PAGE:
A statement of significance, whether designed to show that a property is or is not significant, should be developed as a reasoned argument, first identifying the historic context or contexts to which the property could relate, next discussing the property types within the context and their relevant characteristics, and then showing how the property in question does or does not have the characteristics required to qualify it as part of the context.
In order to decide whether a property is significant within its historic context, determine:
The level of context of archeological sites significant for their information potential depends on the scope of the applicable research design. For example, a late Mississippian village site may yield information in a research design concerning one settlement system on a regional scale, while in another research design it may reveal information of local importance concerning a single group's stone tool manufacturing techniques or house forms. It is a question of how the available information potential is likely to be used.
Pre-contact and many early colonial sites are not often considered to have "State" significance, per se, largely because States are relatively recent political entities and usually do not correspond closely either to Native American political territories or cultural areas or to U.S. lands prior to statehood. Numerous sites, however, may be of significance to a large region that might geographically encompass parts of one, or usually several, States. Pre-contact resources that might be of State significance include regional sites that provide a diagnostic assemblage of artifacts for a particular cultural group or time period or that provide chronological control (specific dates or relative order in time) for a series of cultural groups.
A property with national significance helps us to understand the history of the nation by illustrating the nationwide impact of events or persons associated with the property, its architectural type or style, or information potential. It must be of exceptional value in representing or illustrating an important theme in the history of the nation. Awatovi Ruins in Navajo County, Arizona, is an example of a pre-contact site of national significance. Designated a National Historic Landmark in 1966, Awatovi, meaning "high place of the bow," was one of the largest and most important of the five villages of Tusayan. Settled during the late twelfth century, it was the site of at least two thriving Hopi villages. A post-contact site that is of national significance is Mission Santa Ines in Santa Barbara County, California. This National Historic Landmark represents one of the most intact physical records of a colonial mission institution in the western United States. Archeological information recovered from Mission Santa Innes can shed light on the history of this diverse mission community and the relationship of this Spanish colony to world economic networks. (See the previous section, "What if an archeological property is nationally significant?")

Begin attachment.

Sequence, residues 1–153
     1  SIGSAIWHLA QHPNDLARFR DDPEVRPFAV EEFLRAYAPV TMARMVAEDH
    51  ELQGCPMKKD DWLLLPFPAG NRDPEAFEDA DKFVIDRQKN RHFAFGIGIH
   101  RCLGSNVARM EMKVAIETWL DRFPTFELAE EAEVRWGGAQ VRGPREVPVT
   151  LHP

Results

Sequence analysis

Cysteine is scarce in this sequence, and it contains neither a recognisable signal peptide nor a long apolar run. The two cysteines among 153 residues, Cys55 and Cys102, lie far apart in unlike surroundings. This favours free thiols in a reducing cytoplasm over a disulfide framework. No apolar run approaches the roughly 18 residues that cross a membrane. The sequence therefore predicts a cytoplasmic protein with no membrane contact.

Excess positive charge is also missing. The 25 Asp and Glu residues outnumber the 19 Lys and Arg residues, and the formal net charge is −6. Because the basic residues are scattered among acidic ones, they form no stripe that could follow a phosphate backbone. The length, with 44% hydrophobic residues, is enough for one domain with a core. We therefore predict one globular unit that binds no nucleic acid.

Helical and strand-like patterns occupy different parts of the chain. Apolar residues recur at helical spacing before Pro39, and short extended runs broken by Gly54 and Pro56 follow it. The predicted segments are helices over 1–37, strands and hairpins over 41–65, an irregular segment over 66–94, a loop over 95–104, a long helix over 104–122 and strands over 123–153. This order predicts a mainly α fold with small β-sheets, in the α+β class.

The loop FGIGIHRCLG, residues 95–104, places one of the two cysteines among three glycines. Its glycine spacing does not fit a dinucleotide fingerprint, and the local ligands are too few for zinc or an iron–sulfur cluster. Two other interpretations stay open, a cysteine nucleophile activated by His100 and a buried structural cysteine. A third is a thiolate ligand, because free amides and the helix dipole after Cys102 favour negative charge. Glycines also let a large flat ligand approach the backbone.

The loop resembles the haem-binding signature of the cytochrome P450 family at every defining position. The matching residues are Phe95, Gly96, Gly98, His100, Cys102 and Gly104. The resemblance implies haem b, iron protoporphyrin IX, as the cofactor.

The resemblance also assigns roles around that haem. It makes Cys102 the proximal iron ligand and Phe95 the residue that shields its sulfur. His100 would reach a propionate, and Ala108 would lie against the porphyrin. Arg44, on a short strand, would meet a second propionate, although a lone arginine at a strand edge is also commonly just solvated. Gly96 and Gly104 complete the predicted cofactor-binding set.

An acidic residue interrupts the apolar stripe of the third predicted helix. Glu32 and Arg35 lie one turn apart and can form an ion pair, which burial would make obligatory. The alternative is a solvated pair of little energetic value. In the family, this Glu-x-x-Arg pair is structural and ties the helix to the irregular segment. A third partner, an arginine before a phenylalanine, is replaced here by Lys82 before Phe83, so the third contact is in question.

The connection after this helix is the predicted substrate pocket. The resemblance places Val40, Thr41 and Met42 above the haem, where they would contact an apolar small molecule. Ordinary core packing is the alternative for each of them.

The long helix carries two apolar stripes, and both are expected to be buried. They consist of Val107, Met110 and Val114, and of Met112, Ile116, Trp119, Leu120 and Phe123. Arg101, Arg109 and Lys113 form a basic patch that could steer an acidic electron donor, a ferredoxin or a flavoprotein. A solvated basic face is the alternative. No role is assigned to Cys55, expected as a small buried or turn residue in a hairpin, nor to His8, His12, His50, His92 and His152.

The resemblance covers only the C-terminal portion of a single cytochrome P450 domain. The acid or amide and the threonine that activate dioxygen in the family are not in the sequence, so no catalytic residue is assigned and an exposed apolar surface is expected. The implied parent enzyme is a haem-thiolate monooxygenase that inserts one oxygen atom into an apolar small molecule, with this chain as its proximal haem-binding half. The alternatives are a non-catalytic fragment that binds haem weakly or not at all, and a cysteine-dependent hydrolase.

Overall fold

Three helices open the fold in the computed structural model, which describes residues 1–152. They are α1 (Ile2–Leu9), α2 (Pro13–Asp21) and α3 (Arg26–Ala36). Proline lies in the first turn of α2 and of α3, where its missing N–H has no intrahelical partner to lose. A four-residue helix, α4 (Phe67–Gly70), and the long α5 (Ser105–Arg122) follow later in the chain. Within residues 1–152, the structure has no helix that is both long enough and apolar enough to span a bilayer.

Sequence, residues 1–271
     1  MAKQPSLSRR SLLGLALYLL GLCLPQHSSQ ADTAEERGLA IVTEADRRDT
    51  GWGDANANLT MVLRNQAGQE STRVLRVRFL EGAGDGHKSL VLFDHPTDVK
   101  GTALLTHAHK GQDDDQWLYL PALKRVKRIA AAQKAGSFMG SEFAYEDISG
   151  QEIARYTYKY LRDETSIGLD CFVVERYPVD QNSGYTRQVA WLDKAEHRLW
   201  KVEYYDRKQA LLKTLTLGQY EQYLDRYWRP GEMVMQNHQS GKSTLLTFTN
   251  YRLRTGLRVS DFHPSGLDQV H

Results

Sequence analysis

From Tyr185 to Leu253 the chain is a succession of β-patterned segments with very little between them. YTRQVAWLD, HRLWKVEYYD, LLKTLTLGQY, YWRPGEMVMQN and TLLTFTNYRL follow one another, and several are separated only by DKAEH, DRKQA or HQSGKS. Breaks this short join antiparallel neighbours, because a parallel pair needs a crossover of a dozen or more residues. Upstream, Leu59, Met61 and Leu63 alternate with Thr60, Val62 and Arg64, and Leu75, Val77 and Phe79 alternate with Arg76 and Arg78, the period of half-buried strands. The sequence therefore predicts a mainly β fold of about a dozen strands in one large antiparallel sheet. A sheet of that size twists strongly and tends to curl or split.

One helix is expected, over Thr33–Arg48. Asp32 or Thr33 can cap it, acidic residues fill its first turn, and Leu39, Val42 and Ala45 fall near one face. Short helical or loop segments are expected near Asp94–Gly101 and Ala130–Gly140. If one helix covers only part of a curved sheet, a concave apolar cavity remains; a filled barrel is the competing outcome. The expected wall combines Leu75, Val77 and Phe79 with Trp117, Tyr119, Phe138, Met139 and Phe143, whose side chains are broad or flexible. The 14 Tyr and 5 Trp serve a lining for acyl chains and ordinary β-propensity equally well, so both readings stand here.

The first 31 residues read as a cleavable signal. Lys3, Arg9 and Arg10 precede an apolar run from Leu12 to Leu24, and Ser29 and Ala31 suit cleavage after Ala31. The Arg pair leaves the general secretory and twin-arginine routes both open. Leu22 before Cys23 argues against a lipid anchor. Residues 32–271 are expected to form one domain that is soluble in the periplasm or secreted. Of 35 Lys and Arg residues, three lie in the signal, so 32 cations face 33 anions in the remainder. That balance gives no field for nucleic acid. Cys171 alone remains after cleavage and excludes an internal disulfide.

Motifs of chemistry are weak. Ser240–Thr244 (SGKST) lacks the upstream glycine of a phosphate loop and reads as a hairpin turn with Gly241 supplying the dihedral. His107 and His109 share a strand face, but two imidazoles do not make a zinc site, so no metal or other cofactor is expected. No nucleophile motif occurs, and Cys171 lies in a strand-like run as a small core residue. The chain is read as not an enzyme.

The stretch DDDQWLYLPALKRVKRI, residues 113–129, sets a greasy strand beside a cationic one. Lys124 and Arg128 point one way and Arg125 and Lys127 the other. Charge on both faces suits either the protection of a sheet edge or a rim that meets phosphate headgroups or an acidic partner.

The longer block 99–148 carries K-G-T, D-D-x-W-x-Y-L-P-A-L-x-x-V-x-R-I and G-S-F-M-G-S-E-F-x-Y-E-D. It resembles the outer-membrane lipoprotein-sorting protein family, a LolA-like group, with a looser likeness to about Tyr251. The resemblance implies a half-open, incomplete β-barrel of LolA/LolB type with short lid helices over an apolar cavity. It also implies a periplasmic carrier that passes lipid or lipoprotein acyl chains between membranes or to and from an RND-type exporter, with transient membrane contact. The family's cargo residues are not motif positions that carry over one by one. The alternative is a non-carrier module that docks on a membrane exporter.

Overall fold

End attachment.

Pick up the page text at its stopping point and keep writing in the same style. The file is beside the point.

THE IMPORTANCE OF SMALL OR OVERLOOKED SITES
Archeological properties which obviously stand out within the landscape, such as the ruins of southwestern pueblos and the mounds and earthworks of the mid-continent, may clearly convey their significance simply because they are visible. It is no surprise that archeologists have spent a lot of energy on researching and writing about these salient sites (e.g. Tainter and Tainter 1996:7). However, it is clear from many studies that small sites also yield important information. Many of the arguments made by Talmage and others (1977) in "The Importance of Small, Surface, and Disturbed Sites as Sources of Significant Archeological Data" still hold. For example, demonstrating the significance of small sites on the Colorado Plateau, Alan Sullivan (1996) has looked at the evidence of wild-resource production from two non-architectural sites along eastern south rim of the Grand Canyon. The most obvious features at these sites are piles of fire-cracked rocks. Several things suggest that these are production locations-the form of the rock piles, paleobotanical contents, and patterned artifacts, including manos and metates and Tusayan Grayware. There are no fragments of trough metates, a form associated with maize processing. In the Upper Basin trough metates are found exclusively at architectural sites. Sullivan (1996:154) surmises that "these patterned differences in metate form support the hypothesis that the role of wild resources in Western Anasazi subsistence economies has been underestimated" because our economic models are based on data skewed toward consumption rather than production locales and assemblages.
Sullivan states that archeologists have been remiss in not fully evaluating the contexts of subsistence remains. Because we have focused all our attention on sites of food consumption (the large Pueblo sites with architecture) rather than on sites of production (including these small sites), we have misinterpreted the role of wild resources among the Western Anasazi. The editors (Tainter and Tainter 1996:17) of a recent volume summarize his point this way: